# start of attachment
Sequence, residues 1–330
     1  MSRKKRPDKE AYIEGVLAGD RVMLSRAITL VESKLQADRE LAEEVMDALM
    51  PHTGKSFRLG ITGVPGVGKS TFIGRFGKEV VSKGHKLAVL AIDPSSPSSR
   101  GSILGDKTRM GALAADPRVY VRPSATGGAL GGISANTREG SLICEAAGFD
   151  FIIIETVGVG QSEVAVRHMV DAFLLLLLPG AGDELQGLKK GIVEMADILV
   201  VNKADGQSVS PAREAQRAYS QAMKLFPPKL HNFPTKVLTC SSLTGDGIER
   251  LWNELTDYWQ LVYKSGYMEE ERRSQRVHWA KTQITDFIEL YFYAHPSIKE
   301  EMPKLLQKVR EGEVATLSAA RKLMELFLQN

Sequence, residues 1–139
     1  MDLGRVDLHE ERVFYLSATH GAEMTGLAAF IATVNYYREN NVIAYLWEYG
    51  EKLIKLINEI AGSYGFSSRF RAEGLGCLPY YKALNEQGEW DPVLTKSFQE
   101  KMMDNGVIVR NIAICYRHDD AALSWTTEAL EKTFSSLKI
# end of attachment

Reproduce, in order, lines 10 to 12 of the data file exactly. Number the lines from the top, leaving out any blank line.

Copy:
     1  MDLGRVDLHE ERVFYLSATH GAEMTGLAAF IATVNYYREN NVIAYLWEYG
    51  EKLIKLINEI AGSYGFSSRF RAEGLGCLPY YKALNEQGEW DPVLTKSFQE
   101  KMMDNGVIVR NIAICYRHDD AALSWTTEAL EKTFSSLKI